New study suggests a link between the layout of eggs and dinosaur size.

Picture Credit: Masato Hattori

Dedicated Parents

Palaeontologists think that there were many different nesting strategies adopted by the diverse dinosaurs, but this study focused on the incubation of the eggs associated with Oviraptorosaurs, a group of very bird-like Theropods that are known from the Late Cretaceous of North America and Asia.  It is very likely that these dinosaurs were dedicated parents and that they spent many weeks, incubating their eggs by sitting on the nest.  How much parental care dinosaurs showed to their offspring remains an area of considerable controversy, but just like birds today, dinosaurs probably adopted a range of altricial, semi-precocial and precocial strategies* when it came to their young.

Lead author of the study, published in the Royal Society journal “Biology Letters”, Darla Zelinitsky, (Assistant Professor of Geoscience at the University of Calgary, Alberta, Canada), commented:

“In the largest Oviraptorosaur clutches [Macroelongatoolithus], the central opening represents most of the total clutch area, likely allowing giant-sized species to rest their entire weight on this area so as not to crush the eggs.”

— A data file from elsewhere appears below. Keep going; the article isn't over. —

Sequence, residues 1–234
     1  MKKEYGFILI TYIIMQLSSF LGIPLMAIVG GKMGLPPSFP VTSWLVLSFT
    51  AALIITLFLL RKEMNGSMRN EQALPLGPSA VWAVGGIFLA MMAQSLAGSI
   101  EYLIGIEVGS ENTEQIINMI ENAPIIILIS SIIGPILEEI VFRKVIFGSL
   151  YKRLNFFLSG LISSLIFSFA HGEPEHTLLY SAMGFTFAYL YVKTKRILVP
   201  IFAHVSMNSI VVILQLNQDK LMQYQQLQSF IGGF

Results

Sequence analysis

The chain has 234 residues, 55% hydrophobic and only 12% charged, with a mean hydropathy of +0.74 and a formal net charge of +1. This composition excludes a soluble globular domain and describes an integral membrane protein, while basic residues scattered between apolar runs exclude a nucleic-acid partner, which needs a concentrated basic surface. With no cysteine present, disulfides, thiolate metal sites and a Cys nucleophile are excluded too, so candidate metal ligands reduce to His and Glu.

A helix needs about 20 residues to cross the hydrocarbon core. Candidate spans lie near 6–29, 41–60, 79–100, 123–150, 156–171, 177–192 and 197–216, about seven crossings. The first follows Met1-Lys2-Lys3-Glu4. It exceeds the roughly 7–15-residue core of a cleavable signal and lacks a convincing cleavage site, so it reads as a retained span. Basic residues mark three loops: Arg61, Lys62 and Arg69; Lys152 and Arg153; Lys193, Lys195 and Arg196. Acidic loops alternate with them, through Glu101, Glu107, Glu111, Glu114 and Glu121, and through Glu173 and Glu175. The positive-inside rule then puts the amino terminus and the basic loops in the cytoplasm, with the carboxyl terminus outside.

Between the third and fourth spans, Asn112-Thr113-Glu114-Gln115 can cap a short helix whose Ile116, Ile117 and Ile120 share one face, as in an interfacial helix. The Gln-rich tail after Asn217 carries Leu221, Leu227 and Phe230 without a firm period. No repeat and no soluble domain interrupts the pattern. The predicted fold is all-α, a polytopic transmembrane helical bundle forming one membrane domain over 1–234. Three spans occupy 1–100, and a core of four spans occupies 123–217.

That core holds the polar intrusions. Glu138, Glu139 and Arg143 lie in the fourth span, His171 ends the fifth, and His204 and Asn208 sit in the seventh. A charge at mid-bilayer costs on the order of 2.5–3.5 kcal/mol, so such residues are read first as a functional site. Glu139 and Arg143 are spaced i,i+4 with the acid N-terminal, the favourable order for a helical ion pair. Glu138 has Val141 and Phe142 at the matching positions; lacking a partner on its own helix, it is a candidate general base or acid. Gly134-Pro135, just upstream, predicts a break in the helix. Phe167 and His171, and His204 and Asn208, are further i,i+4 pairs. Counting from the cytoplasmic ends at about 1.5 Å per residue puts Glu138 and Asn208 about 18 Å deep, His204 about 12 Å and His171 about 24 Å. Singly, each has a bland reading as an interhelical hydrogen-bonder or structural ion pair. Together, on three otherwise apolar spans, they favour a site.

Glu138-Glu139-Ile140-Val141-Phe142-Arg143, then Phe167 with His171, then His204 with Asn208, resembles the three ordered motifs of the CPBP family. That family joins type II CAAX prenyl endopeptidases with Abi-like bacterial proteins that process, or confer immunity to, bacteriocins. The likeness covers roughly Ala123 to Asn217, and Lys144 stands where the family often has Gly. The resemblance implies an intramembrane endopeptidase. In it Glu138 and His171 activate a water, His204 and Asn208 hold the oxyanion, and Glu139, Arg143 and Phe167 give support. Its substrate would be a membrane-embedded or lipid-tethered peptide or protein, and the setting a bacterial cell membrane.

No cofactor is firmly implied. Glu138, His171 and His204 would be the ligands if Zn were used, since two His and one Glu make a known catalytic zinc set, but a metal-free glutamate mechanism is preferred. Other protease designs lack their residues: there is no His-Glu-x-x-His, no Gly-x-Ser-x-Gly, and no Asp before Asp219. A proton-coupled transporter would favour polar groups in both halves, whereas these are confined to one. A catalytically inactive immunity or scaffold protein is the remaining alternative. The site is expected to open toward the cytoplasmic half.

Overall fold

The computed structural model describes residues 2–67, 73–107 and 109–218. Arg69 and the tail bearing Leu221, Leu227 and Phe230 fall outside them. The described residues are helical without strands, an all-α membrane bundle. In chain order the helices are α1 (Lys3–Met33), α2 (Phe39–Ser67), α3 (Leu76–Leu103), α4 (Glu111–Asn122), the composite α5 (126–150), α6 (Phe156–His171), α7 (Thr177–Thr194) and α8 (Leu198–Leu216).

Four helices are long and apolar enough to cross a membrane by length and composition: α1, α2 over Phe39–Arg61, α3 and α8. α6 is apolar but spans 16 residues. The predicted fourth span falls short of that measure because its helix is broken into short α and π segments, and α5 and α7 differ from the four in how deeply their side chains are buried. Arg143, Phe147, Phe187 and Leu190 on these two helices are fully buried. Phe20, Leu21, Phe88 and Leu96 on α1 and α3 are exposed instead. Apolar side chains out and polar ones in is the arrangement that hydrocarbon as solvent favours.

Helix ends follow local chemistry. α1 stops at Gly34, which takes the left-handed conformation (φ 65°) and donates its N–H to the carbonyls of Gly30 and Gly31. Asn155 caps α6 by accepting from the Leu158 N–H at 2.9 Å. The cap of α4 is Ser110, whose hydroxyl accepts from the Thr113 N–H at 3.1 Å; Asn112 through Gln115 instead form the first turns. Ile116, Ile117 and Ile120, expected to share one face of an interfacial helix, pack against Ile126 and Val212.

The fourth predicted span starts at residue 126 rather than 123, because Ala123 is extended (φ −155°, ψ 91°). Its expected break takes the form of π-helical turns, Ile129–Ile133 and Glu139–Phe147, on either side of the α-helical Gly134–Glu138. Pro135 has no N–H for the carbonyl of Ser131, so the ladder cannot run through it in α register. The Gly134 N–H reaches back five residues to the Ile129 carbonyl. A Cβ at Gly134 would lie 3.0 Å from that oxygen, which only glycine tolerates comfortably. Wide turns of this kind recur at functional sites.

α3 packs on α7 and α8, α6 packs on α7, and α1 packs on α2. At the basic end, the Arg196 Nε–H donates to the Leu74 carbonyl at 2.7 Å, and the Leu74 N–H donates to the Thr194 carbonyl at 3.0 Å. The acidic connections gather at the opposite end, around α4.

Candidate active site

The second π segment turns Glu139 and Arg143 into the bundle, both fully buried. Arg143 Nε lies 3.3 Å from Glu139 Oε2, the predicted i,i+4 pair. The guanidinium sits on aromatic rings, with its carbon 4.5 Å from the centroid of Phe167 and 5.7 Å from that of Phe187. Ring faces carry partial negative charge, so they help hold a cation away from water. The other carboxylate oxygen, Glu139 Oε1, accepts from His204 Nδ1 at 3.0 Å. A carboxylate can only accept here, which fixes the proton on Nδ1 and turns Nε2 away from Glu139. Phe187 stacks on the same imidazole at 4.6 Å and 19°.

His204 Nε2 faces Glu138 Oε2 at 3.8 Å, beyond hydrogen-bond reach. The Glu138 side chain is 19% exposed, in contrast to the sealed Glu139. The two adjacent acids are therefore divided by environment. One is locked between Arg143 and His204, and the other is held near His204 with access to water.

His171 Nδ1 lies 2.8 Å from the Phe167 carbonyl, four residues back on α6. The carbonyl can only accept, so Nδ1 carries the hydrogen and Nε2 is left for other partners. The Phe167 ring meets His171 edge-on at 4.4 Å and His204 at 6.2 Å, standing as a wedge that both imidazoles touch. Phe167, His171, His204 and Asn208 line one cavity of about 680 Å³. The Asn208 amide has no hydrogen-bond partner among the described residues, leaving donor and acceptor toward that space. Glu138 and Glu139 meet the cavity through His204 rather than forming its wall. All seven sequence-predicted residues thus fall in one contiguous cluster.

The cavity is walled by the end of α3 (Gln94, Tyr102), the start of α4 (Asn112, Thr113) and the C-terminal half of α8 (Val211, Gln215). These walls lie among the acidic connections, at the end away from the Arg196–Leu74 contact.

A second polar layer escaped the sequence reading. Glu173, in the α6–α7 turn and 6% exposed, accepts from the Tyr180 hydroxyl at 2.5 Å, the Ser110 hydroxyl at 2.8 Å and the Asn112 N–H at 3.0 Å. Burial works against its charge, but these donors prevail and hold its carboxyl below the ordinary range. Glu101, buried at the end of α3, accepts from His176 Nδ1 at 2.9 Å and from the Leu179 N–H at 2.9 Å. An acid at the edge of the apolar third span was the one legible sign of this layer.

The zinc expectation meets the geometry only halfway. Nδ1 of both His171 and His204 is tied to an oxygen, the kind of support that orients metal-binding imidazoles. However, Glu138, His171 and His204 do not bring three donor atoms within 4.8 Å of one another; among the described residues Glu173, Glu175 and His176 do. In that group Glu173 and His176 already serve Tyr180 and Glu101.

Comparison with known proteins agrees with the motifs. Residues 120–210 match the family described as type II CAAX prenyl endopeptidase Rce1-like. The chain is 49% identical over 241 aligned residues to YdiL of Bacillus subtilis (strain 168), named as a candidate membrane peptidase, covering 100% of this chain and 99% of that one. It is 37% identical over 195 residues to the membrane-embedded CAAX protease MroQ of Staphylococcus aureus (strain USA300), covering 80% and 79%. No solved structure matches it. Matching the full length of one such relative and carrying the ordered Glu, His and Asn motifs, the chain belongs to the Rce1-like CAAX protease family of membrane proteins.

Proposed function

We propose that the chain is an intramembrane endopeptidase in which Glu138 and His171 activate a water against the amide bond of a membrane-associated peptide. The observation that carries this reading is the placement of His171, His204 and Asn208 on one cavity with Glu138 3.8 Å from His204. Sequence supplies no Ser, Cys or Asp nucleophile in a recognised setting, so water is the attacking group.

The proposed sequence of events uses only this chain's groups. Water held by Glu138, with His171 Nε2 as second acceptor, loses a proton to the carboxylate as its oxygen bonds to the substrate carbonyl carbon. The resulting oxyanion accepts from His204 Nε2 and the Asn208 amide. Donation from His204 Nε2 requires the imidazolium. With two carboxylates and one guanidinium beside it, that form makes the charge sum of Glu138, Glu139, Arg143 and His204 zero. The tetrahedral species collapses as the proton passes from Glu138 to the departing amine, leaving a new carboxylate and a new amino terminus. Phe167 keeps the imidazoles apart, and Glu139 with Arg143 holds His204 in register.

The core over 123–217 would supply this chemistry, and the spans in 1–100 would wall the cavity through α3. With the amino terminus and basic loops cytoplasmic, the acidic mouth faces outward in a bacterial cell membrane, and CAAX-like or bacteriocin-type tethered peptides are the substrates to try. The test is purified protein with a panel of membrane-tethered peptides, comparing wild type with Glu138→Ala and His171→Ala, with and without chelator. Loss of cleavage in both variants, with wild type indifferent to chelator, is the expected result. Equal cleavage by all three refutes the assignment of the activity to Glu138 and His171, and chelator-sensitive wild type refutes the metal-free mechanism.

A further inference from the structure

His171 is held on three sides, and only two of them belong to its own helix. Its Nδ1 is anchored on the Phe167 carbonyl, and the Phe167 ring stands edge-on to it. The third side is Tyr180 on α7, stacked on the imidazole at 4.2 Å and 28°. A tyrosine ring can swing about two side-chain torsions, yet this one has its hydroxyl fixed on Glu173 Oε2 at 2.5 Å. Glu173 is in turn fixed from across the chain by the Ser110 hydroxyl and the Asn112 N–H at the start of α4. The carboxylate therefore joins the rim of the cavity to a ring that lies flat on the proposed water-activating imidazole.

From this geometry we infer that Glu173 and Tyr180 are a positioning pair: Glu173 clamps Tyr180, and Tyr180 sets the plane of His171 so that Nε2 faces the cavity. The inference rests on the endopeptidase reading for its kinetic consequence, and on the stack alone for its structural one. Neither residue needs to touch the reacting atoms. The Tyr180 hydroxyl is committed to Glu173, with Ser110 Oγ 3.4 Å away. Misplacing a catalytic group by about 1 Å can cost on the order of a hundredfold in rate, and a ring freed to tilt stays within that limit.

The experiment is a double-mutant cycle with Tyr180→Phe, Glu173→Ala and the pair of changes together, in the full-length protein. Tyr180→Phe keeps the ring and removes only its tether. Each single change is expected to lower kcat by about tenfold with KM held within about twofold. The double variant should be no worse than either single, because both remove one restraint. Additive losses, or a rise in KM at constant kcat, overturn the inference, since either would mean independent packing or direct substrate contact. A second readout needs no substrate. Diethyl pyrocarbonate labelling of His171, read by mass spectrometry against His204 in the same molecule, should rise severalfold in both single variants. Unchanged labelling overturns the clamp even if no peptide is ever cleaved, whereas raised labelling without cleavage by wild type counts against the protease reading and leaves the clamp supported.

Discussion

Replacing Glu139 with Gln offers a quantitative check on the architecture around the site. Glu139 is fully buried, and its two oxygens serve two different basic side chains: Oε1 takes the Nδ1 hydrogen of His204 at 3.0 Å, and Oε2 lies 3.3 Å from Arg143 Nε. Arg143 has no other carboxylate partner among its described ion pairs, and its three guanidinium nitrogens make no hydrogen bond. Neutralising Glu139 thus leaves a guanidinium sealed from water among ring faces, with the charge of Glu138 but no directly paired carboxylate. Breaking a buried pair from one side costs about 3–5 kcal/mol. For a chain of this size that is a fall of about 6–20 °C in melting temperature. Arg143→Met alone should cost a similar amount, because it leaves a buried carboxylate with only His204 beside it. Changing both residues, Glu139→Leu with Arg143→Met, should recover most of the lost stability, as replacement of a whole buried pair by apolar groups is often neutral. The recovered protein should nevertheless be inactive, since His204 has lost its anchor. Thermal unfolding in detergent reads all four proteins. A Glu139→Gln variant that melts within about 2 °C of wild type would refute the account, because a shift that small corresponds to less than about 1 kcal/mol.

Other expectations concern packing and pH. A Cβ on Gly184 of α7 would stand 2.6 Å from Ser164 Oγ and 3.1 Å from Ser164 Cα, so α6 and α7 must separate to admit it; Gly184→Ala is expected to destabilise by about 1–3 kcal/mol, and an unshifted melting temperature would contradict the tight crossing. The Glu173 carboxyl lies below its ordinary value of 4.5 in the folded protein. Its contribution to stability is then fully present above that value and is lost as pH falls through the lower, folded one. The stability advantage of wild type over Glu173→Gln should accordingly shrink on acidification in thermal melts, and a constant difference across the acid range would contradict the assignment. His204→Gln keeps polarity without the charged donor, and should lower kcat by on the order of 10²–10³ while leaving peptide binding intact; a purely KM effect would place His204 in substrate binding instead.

Forty Fossil Nests Studied

The research team, which included a former PhD student of Darla’s, Kohei Tanaka (Nagoya University, Japan), studied and measured around forty Oviraptorosauria fossil nests, most of which come from China, but fossils from North America and from elsewhere in Asia, were included in the study.  The smallest nests revealed eggs laid in clusters, but the largest nests, associated with the largest of the Oviraptorosaurs, were up to 3.3 metres wide, took on a ring shape with a large, flat, central area, presumably where the adult animal sat.

A spokesperson from Everything Dinosaur commented:

“Some of the largest nests associated with the Oviraptorosauria are so wide that a smart car could be parked in the space in the middle, the metaphor is quite appropriate given that a number of giant species have been named.  Dinosaurs like the colossal caenagnathids Gigantoraptor or Beibeilong may have been much heavier than a smart car, yet it is thought that these huge animals had to sit on their nests and incubate the eggs.”

The Oogenus Macroelongatoolithus